Significance to Veterans:

Homeless Veterans with SUDs represent one of the largest and most chronic groups of psychiatric patients treated in the VA Healthcare System. With the ongoing execution of VA's "Plan to End Veteran Homelessness," Veterans entering housing require interventions that can be feasibly implemented with minimal reorganization of existing services. GMI is based on motivational interviewing, an empirically valid treatment that aligns with Veteran-centered recovery models including Harm Reduction and more traditional treatment philosophies. The investment in GMI for VA housing may be minimal as it requires only a few staff to operate in relatively short time (e.g., 4 sessions, 90-min each) with modest (20 hours) staff training. It can be layered onto existing services with little interruption or reorganization of staff, and it has potential to be offered to larger numbers of Veterans with SUDs in VA housing who would otherwise not receive this intervention.

Interventions

  • Behavioral: Group Motivational Interviewing (GMI)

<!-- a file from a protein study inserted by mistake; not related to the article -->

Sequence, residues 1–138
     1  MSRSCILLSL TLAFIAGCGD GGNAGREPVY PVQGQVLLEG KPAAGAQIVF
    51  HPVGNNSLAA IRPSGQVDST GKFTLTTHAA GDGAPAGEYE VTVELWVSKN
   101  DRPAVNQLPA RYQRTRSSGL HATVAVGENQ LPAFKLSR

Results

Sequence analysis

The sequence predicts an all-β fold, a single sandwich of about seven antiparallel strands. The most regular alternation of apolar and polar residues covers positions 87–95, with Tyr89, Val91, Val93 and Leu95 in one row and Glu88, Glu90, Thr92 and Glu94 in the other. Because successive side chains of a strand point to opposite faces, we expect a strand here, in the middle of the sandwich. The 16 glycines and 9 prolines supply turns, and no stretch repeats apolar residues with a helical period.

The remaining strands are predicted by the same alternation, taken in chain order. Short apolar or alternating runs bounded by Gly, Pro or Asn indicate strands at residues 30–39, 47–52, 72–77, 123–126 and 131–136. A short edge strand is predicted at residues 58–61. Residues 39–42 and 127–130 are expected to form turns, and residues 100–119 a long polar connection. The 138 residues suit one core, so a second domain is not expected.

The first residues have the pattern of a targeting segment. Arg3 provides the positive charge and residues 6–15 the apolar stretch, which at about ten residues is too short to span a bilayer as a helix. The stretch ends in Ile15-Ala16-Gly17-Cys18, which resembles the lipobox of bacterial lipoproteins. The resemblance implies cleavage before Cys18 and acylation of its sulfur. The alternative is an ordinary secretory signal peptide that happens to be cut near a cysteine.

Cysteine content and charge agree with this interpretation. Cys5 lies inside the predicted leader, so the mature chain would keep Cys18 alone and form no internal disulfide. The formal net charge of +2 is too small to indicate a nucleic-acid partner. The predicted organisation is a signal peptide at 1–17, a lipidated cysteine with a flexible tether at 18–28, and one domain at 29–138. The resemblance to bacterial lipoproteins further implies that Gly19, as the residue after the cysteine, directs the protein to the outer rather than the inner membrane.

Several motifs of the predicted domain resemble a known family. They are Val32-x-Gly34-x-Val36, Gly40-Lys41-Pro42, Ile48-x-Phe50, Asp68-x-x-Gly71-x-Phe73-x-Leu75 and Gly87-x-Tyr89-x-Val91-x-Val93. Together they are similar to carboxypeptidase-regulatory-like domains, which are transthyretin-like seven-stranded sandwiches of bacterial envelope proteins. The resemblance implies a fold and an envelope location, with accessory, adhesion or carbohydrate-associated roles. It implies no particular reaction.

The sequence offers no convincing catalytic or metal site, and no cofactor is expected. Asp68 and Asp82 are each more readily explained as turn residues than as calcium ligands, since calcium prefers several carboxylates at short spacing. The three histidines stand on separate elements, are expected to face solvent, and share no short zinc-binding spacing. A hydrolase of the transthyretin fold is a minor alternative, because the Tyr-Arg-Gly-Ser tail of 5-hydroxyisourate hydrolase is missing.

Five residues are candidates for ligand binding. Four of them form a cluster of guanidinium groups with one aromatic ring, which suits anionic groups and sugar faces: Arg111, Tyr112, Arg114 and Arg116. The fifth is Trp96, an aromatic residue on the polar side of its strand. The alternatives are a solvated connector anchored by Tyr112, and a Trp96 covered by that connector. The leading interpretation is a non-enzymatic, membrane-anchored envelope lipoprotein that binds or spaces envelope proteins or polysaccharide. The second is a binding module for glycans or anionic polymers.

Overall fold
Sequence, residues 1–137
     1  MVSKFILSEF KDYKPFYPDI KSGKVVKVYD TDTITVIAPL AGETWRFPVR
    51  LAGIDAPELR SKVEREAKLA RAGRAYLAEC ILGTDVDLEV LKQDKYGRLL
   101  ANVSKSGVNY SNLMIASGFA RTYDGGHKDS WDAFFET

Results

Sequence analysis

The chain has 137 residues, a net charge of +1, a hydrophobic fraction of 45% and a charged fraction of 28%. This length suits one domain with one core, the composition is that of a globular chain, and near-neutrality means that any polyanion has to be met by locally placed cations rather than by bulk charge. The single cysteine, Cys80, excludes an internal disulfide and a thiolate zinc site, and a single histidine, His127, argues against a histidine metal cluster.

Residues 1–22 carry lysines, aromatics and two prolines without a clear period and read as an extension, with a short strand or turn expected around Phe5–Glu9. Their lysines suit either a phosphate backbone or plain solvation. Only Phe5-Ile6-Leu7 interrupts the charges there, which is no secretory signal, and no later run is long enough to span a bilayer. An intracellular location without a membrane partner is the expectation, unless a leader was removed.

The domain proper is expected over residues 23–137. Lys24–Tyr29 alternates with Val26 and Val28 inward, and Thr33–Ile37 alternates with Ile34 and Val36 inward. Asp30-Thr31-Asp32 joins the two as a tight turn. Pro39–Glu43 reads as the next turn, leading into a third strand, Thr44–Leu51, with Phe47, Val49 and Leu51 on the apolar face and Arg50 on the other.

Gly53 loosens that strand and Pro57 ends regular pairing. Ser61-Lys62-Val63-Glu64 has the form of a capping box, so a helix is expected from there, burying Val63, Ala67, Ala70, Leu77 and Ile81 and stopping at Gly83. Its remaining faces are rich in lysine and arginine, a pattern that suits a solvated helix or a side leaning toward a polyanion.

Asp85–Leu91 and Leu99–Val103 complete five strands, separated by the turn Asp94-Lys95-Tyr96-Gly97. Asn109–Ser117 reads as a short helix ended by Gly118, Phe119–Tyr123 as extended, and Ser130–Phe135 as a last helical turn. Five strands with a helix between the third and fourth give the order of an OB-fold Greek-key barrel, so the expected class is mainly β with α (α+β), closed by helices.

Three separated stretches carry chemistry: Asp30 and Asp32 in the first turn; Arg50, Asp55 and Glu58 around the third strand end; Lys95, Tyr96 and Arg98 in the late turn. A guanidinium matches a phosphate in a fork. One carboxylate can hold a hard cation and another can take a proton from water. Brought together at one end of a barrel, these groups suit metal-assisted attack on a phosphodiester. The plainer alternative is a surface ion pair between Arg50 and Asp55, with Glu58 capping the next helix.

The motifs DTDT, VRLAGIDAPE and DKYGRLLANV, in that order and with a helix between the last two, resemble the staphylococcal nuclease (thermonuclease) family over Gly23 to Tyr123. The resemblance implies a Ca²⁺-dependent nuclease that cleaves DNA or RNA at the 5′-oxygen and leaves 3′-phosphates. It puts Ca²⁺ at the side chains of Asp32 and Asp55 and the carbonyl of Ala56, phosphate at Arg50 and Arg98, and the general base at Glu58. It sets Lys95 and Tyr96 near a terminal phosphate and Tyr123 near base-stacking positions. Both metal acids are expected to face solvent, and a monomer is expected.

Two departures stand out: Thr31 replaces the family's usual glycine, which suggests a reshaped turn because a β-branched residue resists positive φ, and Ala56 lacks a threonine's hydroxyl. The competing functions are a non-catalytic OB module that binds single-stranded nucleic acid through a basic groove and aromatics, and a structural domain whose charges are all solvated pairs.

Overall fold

• Participants randomized to Group Motivational Interviewing (GMI) will receive four structured, back-to-back, 90-minute sessions consistent with the central principles and spirit of Motivational Interviewing (MI). GMI, which is based on a manualized protocol, is specifically designed for dually diagnosed Veterans. A focus of the intervention creates awareness of the relationship between the substance use and co-existing psychiatric disorder and the importance of treating both.
  • Behavioral: Control Treatment Condition (CT)
    • Control Treatment Condition (CT): Participants in CT will attend four sessions equal in time and length to GMI (i.e., 90 minutes) and will involve the following topics: A popular ‘box activity’: participants will anonymously write evocative questions on slips of paper involving their personal concerns that are placed in a box and, when randomly selected, opened for group discussion (e.g., “How do I talk to my family about my alcohol problem?”), money management with feedback (2 sessions), and cooking-home maintenance.

Arms, Groups and Cohorts

  • Experimental: Group Motivational Interviewing (GMI)
    • Group Motivational Interviewing (GMI) participants will receive four structured, back-to-back, 90-min sessions consistent with the central principles and spirit of Motivational Interviewing (MI). GMI, which is based on a manualized protocol, is specifically designed for dually diagnosed Veterans. A focus of the intervention creates awareness of the relationship between the substance use and co-existing psychiatric disorder and the importance of treating both.